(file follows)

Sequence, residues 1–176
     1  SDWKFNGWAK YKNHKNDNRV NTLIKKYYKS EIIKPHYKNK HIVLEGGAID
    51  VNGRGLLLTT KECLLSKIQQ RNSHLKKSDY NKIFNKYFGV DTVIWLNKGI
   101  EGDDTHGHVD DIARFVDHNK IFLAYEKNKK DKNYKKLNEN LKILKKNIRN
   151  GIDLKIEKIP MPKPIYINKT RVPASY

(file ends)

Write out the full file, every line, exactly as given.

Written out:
Sequence, residues 1–176
     1  SDWKFNGWAK YKNHKNDNRV NTLIKKYYKS EIIKPHYKNK HIVLEGGAID
    51  VNGRGLLLTT KECLLSKIQQ RNSHLKKSDY NKIFNKYFGV DTVIWLNKGI
   101  EGDDTHGHVD DIARFVDHNK IFLAYEKNKK DKNYKKLNEN LKILKKNIRN
   151  GIDLKIEKIP MPKPIYINKT RVPASY